55 Works

Data from: A 454 survey reveals the community composition and core microbiome of the common bed bug (Cimex lectularius) across an urban landscape

Matthew Meriweather, Sara Matthews, Rita Rio & Regina S. Baucom
Elucidating the spatial dynamic and core constituents of the microbial communities found in association with arthropod hosts is of crucial importance for insects that may vector human or agricultural pathogens. The hematophagous Cimex lectularius (Hemiptera: Cimicidae), known as the human bed bug, has made a recent resurgence in North America, as well as worldwide, potentially owing to increased travel, climate change and resistance to insecticides. A comprehensive survey of the bed bug microbiome has not...

Data from: Testing models of reciprocal relations between social influence and integration in STEM across the college years

Paul Hernandez, V. Bede Agocha, Lauren Carney, Mica Estrada, Sharon Lee, David Loomis, Michelle Williams & Crystal Park
The present study tests predictions from the Tripartite Integration Model of Social Influences (TIMSI) concerning processes linking social interactions to social integration into science, technology, engineering, and mathematics (STEM) communities and careers. Students from historically overrepresented groups in STEM were followed from their senior year of high school through their senior year in college. Based on TIMSI, we hypothesized that interactions with social influence agents (operationalized as mentor network diversity, faculty mentor support, and research...

Water availability drives fine root dynamics in a Eucalyptus woodland under elevated atmospheric CO2 concentration

Juan Piñeiro, Raul Ochoa-Hueso, John Drake, Mark Tjoelker & Sally Power
Fine roots are a key component of carbon and nutrient dynamics in forest ecosystems. Rising atmospheric [CO2] (eCO2) is likely to alter the production and activity of fine roots, with important consequences for forest carbon storage. Yet empirical evidence of the role of eCO2 in driving root dynamics in low-nutrient forested ecosystems is limited, particularly for grassy woodlands, an ecosystem type of global importance. We sampled fine roots across seasons over a two-year period to...

Data from: A new Devonian euthycarcinoid evidences the use of different respiratory strategies during the marine-to-terrestrial transition in the myriapod lineage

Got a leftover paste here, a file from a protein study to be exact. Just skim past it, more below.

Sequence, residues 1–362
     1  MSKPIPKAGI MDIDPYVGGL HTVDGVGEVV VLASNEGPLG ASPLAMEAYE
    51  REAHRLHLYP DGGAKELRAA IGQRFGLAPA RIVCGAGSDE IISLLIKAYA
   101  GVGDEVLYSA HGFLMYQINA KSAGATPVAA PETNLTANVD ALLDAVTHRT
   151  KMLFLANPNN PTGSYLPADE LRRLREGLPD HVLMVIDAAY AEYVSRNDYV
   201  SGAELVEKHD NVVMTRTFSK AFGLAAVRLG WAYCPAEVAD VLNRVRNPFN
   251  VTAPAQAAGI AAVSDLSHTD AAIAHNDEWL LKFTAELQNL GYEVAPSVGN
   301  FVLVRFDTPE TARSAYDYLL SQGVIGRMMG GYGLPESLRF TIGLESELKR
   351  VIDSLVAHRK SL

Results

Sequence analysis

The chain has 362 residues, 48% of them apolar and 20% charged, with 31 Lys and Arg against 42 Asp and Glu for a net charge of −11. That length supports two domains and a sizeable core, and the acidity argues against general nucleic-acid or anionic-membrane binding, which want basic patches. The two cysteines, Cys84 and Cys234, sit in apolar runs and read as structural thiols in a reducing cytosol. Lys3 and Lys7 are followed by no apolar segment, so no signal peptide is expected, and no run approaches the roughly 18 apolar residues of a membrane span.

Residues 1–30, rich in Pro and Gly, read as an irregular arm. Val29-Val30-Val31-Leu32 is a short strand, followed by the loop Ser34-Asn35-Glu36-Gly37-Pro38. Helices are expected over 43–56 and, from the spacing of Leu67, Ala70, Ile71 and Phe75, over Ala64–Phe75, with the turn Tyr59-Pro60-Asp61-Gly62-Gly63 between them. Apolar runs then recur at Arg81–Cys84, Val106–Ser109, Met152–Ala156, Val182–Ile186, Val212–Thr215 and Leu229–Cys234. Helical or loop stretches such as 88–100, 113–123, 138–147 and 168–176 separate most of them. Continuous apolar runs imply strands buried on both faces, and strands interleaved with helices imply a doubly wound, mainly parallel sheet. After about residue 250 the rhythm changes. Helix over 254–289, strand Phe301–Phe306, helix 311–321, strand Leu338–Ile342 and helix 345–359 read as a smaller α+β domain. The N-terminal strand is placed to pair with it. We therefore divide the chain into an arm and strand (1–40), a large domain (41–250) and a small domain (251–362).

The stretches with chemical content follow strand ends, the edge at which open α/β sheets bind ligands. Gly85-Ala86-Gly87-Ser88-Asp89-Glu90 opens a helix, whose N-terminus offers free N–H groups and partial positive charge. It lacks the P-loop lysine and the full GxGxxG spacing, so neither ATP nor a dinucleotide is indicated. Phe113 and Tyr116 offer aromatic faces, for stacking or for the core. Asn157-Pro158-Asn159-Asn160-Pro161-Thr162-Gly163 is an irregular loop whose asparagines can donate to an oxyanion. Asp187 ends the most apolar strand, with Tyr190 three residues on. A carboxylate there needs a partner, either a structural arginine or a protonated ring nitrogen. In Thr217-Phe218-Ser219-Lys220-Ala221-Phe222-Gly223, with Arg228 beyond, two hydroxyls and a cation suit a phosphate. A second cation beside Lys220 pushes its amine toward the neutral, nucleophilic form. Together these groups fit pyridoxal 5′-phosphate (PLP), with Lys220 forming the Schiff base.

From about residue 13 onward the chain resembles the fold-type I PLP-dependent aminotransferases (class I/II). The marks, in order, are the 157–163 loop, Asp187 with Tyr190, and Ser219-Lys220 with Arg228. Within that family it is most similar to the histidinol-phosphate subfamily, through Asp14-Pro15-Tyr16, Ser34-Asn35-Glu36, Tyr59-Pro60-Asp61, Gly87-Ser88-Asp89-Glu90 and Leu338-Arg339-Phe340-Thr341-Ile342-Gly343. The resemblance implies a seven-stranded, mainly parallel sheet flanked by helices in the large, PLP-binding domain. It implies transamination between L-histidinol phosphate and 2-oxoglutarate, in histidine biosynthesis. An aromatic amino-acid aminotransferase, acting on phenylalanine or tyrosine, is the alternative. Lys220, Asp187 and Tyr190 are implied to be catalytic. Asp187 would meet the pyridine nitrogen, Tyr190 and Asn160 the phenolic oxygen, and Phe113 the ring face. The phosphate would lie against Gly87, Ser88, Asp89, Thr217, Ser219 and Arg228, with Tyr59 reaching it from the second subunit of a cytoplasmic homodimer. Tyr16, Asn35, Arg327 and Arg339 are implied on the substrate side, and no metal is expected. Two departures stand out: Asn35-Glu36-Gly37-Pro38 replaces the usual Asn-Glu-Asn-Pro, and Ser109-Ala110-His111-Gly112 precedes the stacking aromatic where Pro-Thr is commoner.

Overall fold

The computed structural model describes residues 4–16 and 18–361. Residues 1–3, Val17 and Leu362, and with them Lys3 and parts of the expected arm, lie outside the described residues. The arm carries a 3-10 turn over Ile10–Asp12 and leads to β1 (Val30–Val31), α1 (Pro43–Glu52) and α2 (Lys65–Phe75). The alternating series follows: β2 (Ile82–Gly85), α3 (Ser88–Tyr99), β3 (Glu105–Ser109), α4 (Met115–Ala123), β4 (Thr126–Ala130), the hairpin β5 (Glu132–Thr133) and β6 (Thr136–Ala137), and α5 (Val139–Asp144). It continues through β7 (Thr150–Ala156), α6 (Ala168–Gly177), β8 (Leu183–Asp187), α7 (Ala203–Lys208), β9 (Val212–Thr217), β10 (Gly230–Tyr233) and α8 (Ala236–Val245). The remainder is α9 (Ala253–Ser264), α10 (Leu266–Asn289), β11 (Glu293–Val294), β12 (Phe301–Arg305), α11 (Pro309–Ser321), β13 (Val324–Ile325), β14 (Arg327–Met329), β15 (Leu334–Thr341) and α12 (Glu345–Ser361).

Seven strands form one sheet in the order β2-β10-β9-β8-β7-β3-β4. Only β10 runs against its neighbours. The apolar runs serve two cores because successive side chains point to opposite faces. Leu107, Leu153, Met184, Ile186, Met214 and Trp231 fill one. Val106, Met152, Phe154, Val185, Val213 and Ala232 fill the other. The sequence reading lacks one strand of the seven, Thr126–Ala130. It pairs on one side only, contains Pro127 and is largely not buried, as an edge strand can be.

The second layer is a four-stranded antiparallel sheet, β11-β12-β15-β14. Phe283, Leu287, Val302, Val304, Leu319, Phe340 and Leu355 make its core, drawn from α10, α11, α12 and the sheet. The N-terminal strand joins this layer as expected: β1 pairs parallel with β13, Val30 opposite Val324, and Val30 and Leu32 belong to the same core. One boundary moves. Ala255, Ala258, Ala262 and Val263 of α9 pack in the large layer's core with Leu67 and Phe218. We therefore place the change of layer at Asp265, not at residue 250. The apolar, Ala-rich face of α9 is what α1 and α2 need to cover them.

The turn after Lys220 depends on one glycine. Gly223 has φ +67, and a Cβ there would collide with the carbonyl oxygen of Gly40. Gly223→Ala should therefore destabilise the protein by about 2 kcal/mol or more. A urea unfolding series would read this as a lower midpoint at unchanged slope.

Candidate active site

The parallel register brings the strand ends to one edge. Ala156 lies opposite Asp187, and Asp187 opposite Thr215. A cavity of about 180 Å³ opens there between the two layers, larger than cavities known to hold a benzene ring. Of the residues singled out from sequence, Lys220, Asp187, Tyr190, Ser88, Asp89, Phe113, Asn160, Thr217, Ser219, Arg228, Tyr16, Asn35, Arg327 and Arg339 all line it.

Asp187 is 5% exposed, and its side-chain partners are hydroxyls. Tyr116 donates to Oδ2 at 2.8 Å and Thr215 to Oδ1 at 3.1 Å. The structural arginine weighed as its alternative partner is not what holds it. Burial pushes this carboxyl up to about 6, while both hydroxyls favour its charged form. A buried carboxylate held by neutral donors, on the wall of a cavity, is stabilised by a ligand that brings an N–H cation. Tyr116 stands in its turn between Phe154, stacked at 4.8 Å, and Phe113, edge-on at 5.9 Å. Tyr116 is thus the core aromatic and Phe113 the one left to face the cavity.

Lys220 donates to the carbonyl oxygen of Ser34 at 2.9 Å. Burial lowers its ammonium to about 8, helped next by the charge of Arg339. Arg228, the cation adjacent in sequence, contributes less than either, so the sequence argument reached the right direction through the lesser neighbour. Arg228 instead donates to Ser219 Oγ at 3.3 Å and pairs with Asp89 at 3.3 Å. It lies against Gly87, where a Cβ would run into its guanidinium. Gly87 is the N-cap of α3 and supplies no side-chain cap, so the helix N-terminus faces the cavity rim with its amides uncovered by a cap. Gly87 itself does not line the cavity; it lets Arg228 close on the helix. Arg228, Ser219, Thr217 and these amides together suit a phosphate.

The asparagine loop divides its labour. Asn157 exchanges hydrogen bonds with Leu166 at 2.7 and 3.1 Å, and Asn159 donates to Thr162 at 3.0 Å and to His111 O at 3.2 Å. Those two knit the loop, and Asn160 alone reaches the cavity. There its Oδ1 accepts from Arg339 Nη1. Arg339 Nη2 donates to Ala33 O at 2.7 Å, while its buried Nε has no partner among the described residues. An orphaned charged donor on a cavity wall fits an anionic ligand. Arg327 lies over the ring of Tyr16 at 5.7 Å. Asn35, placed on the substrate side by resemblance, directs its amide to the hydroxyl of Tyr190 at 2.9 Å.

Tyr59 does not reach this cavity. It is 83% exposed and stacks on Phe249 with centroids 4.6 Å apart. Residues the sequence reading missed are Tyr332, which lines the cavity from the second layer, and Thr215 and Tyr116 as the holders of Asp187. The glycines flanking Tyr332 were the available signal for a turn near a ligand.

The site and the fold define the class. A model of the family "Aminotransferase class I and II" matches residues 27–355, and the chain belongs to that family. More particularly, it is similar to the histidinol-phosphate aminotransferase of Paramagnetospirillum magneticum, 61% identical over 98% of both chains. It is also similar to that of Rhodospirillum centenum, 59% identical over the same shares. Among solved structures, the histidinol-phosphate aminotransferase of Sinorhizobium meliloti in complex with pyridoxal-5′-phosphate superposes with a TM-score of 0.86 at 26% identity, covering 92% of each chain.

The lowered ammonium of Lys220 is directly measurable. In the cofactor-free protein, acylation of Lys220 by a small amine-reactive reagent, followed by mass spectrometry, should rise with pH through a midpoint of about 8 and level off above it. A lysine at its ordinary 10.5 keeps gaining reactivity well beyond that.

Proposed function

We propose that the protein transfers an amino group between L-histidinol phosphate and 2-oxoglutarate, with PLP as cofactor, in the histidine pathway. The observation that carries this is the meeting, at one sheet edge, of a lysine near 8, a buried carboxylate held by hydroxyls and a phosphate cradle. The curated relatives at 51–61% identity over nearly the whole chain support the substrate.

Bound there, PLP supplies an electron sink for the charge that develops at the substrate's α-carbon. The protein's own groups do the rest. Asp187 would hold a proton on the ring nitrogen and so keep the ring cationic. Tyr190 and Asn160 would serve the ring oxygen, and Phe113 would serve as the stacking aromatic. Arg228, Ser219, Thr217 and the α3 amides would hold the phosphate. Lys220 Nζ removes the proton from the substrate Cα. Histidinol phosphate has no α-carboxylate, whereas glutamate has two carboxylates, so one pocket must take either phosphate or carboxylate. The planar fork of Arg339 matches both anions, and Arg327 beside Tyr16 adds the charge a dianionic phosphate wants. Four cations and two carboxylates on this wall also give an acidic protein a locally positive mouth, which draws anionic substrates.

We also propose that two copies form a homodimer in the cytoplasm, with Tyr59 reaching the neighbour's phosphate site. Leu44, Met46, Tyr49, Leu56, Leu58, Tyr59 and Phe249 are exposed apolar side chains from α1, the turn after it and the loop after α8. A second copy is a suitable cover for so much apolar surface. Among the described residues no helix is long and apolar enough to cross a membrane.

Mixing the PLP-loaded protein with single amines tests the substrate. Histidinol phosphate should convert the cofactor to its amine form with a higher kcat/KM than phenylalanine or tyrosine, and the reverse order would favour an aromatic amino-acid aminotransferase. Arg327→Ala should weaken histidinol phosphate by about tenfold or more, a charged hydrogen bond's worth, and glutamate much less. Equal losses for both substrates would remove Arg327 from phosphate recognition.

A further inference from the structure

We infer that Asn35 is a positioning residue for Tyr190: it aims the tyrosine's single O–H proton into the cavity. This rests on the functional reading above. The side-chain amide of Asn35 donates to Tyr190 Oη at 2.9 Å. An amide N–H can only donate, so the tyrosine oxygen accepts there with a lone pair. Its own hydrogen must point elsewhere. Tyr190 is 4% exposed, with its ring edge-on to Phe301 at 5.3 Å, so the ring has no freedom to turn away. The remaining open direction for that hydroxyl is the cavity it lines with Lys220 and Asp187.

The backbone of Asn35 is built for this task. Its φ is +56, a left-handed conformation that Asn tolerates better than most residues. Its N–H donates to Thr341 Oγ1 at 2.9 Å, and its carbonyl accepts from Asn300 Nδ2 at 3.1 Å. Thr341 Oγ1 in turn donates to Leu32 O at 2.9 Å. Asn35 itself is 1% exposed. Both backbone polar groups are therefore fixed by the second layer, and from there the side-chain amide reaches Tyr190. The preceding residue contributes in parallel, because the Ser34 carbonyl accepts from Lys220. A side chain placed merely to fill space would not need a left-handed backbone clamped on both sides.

Pierre Gueriau, James C. Lamsdell, Roy A. Wogelius, Phillip L. Manning, Victoria M. Egerton, Uwe Bergmann, Loïc Bertrand & Julien Denayer
Myriapods were, together with arachnids, the earliest animals to occupy terrestrial ecosystems, by at least the Silurian. The origin of myriapods and their land colonization have long remained puzzling until euthycarcinoids, an extinct group of aquatic arthropods considered amphibious, were shown to be stem group myriapods, extending the lineage to the Cambrian and evidencing a marine-to-terrestrial transition. Although possible respiratory structures comparable to the air-breathing tracheal system of myriapods are visible in several euthycarcinoids, little...

Data from: Large effect quantitative trait loci for salicinoid phenolic glycosides in Populus: implications for gene discovery

Scott A. Woolbright, Brian J. Rehill, Richard L. Lindroth, Stephen P. DiFazio, Gregory D. Martinsen, Mathew S. Zinkgraf, Gerard J. Allan, Paul Keim, Thomas G. Whitham & Matthew S. Zinkgraf
Genomic studies have been used to identify genes underlying many important plant secondary metabolic pathways. However, genes for salicinoid phenolic glycosides (SPGs)—ecologically important compounds with significant commercial, cultural, and medicinal applications—remain largely undescribed. We used a linkage map derived from a full‐sib population of hybrid cottonwoods (Populus spp.) to search for quantitative trait loci (QTL) for the SPGs salicortin and HCH‐salicortin. SSR markers and primer sequences were used to anchor the map to the V3.0...

Data from: From success to persistence: Identifying an evolutionary regime shift in the diverse Paleozoic aquatic arthropod group Eurypterida, driven by the Devonian biotic crisis

James C. Lamsdell & Paul A. Selden
Mass extinctions have altered the trajectory of evolution a number of times over the Phanerozoic. During these periods of biotic upheaval a different selective regime appears to operate, although it is still unclear whether consistent survivorship rules apply across different extinction events. We compare variations in diversity and disparity across the evolutionary history of a major Paleozoic arthropod group, the Eurypterida. Using these data, we explore the group's transition from a successful, dynamic clade to...

Data from: Demographic stimulation of the obligate understorey herb, Panax quinquefolius L., in response to natural forest canopy disturbances

Jennifer L. Chandler & James B. McGraw